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'It's this amazing sanctuary': Garden designed for those with sight loss celebrates 50 years

The Gardens of Enchantment in Sandy aims to awaken all five senses, not just sight.

SANDY, Ore. — A special garden in Sandy is celebrating a milestone anniversary. Volunteers planted the Gardens of Enchantment 50 years ago, hoping guests would enjoy much more than just what they could see.

The half-acre garden is part of the Hull Foundation and Learning Center for Adults with Blindness and Sight Loss. It aims to awaken all five senses—taste, touch, smell, sight and sound. To do that, there are edible plants such as herbs, fragrant flowers, plants with soft and prickly leaves and fountains that bubble.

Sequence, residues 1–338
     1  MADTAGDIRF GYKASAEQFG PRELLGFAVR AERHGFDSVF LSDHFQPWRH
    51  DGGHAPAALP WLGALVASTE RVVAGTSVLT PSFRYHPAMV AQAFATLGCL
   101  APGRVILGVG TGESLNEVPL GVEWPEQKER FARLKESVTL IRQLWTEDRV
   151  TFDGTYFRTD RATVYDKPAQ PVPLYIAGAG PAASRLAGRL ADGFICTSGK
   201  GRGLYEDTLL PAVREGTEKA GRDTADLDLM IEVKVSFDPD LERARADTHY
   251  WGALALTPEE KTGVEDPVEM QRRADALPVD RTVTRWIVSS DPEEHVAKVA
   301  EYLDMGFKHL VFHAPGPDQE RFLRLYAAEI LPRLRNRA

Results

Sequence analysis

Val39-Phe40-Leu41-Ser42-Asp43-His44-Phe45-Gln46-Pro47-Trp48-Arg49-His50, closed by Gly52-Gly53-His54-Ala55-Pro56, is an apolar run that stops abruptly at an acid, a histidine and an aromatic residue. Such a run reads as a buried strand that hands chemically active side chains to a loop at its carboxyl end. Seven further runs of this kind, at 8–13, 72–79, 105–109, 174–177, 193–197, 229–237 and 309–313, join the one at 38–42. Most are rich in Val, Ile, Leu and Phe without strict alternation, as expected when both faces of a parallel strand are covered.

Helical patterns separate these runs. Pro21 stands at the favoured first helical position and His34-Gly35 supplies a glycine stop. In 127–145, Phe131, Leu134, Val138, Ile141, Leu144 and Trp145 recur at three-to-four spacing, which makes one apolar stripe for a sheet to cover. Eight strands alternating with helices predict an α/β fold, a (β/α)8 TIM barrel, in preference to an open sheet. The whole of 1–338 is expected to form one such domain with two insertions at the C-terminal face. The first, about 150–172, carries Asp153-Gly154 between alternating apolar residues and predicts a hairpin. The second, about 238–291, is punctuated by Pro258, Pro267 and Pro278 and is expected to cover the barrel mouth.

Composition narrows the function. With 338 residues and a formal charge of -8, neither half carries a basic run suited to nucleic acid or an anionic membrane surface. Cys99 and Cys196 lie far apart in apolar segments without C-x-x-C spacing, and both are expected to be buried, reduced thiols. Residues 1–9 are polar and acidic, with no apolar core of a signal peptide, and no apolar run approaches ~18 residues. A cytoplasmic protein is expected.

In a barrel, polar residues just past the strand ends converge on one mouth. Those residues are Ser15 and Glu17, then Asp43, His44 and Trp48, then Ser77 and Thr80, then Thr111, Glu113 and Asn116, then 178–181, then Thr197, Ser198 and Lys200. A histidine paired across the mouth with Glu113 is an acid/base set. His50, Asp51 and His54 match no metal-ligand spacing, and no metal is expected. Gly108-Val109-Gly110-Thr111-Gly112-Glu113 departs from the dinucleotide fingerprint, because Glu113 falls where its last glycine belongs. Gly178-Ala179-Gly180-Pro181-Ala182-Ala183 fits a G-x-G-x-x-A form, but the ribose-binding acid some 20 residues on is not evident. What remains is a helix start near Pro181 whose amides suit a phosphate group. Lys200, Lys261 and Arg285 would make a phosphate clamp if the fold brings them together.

“It's just this amazing sanctuary,” said executive director Kerith Vance. “I think there are a lot of people who don't realize that we're here and that if they're to have a diagnosis that tells them they're going to be losing their vision, that we're here and we're here to help them.”

On Wednesday, visitors and volunteers celebrated the Garden's 50th anniversary. Mary Lee Turner was among those who strolled its paths, stopping to read the accompanying braille plaques.

“I always have to come down to this garden because it's so full of grace,” said Turner, who lost most of her sight as an infant. "I love it."

The Gardens of Enchantment are maintained solely by volunteers, most of them from local garden clubs. Organizers are always looking for more help. 

Those interested in volunteering can write to Muriel Pagel at MurielCentury21@gmail.com.

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